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Reviewed: Star Wars: The Force Unleashed
Author: Michael Ahlf       Date: October 27th, 2008
Page: 2


Let's start from the beginning - it's as good a place as any to start with, really - and let's talk about what's good about The Force Unleashed, first. It's not 100% bad; there are just enough bits and pieces here and there to convince a gamer, looking to be convinced, that maybe "there is good in Lucasarts yet."

As the game begins, the storyline's intriguing. Darth Vader hits Kashyyk, hits it hard, mowing down Wookies and Stormtroopers alike to get to a rogue Jedi who's been hiding on the planet all this time. He catches up to the Jedi, kills him... and then takes the Jedi's son to raise for his own, an apprentice to be used like the Sith use all their apprentices. A rough decade later, Vader begins sending his apprentice out on missions, to take down other Jedi, and later even to infiltrate the growing ranks of those discontent with the Emperor's rule, with the ultimate goal of overthrowing the Emperor entirely.

That's the bare bones of the story... and unfortunately, due to the way Lucasarts decided to play this one (releasing as a novel, roleplaying setting, video game, and a whole host of other things) a barebones story and never-really-developed romantic subplot are pretty much all you get. So much for round one.

On the main gameplay, the game is stunning and gorgeous all at once; the most fun in the game will be had beating up on enemies, tossing their bodies around, tossing them around, lobbing explosives at them, and generally wreaking havoc with all the power and craziness the Dark Side of the Force has to muster. There's pushing, pulling, throwing the lightsaber, lightning... and almost complete freedom to break the stages apart (well, at least the areas designated as breakable).

On the downside: be prepared for a lot of annoyance. With two exceptions, puzzles involving the force powers are almost completely missing from the game (remember to play around with the TIE Fighter wings). An annoying number of enemies carry immunities to certain Force powers, a game mechanic I'm sure the designers felt was necessary to "challenge" the player but which offers little, if any, improvement on the level of fun the game provides; more often than not, it detracts.

Moving around in the world and exploring can be an exercise in frustration - apparently, in order to keep things manageable (even on the PS3), the designers had to cordon off a lot of the world and substituted bounding boxes for actual collision detection. The result? Lots of things that a player should be able to jump on, only to slide off or fall right through them, and an equal amount of very poorly coded (and obvious) "invisible edge of the world" areas.

Boss battles and sub-bosses are equally annoying; despite the fact that having Force powers would seem to offer plenty of options for fighting, for some reason the game's designers decided that a series of cutscenes requiring only that players press the right button at the right time (similar to God of War boss fights) was the way for them to go. If they wanted to show a cutscene of something being beaten up, they could have simply shown a cutscene, but apparently this was more "satisfying" - I say it just makes it harder to watch the cutscene. Inevitably, the "method" for beating a non-Jedi boss is to throw a lot of things at them from long range, and beating Jedi opponents isn't a matter of dueling so much as a matter of memorizing their pattern or trying to trick them into an area where they can't move around much.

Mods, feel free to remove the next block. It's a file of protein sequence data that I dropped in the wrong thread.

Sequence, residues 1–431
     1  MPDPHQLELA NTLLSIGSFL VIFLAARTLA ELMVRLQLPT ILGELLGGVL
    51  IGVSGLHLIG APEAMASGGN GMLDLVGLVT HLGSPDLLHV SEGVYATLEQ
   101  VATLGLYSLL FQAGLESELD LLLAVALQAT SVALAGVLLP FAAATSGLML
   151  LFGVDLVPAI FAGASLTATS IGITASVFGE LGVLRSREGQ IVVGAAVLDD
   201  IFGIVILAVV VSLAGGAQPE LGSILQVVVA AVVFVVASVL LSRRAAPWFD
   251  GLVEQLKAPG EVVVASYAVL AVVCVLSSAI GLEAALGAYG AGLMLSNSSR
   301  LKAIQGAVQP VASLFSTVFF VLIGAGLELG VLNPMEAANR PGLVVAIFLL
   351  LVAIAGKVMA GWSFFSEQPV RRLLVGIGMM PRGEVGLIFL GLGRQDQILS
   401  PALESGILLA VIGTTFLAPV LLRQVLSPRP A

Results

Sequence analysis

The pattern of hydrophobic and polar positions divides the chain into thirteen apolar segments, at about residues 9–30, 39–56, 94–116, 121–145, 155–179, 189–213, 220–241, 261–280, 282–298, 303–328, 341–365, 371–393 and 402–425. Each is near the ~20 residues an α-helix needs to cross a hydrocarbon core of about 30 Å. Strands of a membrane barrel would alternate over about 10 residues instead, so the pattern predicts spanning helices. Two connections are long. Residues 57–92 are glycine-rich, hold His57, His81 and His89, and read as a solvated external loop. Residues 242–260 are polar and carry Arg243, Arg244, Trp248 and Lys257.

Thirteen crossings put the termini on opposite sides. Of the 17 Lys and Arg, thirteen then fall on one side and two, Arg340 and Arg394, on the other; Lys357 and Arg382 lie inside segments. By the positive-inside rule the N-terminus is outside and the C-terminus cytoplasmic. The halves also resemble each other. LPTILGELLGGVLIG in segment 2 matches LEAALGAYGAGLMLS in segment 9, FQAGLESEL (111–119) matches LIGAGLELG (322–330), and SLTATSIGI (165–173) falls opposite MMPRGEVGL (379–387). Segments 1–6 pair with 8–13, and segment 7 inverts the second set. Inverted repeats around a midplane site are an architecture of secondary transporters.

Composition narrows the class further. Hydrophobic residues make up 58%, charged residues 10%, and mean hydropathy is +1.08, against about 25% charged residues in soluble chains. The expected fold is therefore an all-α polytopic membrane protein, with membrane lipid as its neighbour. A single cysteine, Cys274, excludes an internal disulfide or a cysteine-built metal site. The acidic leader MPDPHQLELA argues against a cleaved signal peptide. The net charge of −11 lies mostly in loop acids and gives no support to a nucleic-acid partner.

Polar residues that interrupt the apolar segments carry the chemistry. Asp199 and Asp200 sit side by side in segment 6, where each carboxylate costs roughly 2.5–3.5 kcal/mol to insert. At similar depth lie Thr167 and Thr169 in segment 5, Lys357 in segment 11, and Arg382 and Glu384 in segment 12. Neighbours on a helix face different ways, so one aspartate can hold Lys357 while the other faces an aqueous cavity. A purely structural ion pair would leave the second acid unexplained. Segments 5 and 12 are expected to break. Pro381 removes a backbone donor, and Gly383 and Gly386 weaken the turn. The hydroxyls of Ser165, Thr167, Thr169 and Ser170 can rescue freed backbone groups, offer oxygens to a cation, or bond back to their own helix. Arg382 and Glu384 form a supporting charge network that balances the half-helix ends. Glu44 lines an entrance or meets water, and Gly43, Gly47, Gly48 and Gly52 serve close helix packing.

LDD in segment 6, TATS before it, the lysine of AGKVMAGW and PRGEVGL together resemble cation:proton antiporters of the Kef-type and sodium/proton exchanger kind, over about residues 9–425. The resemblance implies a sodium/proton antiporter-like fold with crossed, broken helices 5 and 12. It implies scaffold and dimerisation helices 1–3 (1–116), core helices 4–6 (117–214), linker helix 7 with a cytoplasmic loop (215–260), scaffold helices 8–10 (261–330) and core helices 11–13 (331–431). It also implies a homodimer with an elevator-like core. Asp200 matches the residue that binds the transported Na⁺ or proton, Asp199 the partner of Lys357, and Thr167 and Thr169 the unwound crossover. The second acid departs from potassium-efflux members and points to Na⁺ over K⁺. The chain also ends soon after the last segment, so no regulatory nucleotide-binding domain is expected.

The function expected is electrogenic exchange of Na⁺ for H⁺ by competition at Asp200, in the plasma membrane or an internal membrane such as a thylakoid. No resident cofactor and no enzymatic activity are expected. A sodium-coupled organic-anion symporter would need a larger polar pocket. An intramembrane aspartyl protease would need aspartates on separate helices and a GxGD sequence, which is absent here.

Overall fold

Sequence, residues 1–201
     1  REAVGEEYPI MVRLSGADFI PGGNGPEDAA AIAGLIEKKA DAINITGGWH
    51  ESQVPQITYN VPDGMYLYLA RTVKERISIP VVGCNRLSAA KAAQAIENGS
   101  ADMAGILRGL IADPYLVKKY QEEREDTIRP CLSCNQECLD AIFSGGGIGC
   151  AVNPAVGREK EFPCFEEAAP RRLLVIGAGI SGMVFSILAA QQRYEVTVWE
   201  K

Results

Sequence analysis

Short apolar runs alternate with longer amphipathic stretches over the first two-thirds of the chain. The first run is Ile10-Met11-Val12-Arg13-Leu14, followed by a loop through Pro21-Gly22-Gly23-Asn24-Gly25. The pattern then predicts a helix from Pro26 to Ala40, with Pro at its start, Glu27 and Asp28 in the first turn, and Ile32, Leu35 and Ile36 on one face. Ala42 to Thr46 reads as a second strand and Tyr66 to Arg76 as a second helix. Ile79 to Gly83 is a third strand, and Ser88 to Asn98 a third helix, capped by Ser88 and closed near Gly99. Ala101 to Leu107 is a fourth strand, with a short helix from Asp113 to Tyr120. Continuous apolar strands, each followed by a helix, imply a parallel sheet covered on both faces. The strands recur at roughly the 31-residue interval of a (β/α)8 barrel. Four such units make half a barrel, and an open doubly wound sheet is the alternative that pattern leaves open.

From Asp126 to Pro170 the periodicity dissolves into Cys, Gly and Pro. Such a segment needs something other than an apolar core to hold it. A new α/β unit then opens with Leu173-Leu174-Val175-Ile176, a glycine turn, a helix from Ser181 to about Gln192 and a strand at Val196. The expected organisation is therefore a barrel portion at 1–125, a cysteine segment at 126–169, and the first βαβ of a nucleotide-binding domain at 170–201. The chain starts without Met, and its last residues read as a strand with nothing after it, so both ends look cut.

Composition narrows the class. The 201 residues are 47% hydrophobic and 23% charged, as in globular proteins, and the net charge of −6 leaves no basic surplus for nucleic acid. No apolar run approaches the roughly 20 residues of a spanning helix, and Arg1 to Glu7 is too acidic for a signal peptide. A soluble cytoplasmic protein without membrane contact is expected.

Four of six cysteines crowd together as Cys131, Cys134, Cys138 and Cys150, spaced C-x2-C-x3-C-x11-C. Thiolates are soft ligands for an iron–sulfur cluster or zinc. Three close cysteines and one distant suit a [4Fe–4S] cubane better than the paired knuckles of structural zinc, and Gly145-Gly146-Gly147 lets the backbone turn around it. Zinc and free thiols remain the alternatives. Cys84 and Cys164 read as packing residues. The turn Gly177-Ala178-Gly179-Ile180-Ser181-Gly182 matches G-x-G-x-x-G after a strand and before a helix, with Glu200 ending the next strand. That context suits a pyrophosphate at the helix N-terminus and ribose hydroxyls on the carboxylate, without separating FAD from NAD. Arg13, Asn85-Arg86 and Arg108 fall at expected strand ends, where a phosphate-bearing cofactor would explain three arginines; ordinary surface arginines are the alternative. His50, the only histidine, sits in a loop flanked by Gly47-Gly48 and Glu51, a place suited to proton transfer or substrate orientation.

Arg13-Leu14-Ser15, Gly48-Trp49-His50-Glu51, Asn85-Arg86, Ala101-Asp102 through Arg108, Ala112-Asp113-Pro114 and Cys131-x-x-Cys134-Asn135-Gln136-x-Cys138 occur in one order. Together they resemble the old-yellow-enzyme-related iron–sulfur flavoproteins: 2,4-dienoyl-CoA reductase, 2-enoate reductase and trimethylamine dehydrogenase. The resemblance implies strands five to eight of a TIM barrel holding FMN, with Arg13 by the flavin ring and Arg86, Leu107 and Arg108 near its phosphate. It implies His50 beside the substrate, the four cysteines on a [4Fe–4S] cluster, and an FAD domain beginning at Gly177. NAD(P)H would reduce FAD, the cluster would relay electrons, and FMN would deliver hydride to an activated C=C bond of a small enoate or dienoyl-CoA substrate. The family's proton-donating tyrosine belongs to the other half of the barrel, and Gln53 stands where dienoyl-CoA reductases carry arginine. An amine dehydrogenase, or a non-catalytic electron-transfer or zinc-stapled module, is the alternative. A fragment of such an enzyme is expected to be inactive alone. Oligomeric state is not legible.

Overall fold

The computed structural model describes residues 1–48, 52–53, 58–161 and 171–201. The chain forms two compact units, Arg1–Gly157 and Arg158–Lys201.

There's also the small matter of a "boss fight" involving a certain enemy from Star Wars: Episode I that completely breaks canon and is 100% unexplainable in the context of Star Wars, but they threw it in anyways. No, I'm not sure why.

Even with these problems, Force Unleashed might have gotten a 3.5 or so; what they've done right, they've done WELL, and the vast majority of the game doesn't involve these annoying boss fights, or problematic enemy design, or even the fact that their "Princess Leia" render looks like someone took Carrie Fisher and scanned her current looks into the game, rather than modeling her based on her looks at the time the movies were made. Unfortunately for Lucasarts, the killer (at least on PS3) was the BUGS, OH GOD THE BUGS!

I'll make this as plain as possible: I know of 25 different, repeatable ways to glitch The Force Unleashed on the PS3 such that it either (a) hangs the console completely or (b) reboots back to the XMB. These aren't just any old bugs, either; they occur on boss fights, and at least four occur during the fight against Emperor Palpatine himself. There's no way around this, and those bugs are just the beginning; then there's stuff like this floating around everywhere as well.

If you're going to play this one... rent it. I wouldn't suggest owning it unless you're a completionist who simply has to have a copy of everything that's ever had the Star Wars name stamped on it somewhere.

Side Product Notice: Special notice should go to the PSP version. This game is essentially the same concerning cutscenes and storyline, but it's got a whole lot less polygons and graphical quality, and some odd programming quirks (in order to make multiplayer dueling skins, the Apprentice had to lose his signature "behind the back" lightsaber style). Other than that, it actually crashes a lot less, and if you've got some friends to play with, it can be a decent amount of fun having Force Duels. The game play isn't quite as fluid since the PSP is short on buttons - certain Force powers were moved from "always available" to "only when standing in the right spot" for convenience of level and gameplay design.


Added:  Tuesday, October 28, 2008
Reviewer:  Michael Ahlf
Score:
Page: 2/3

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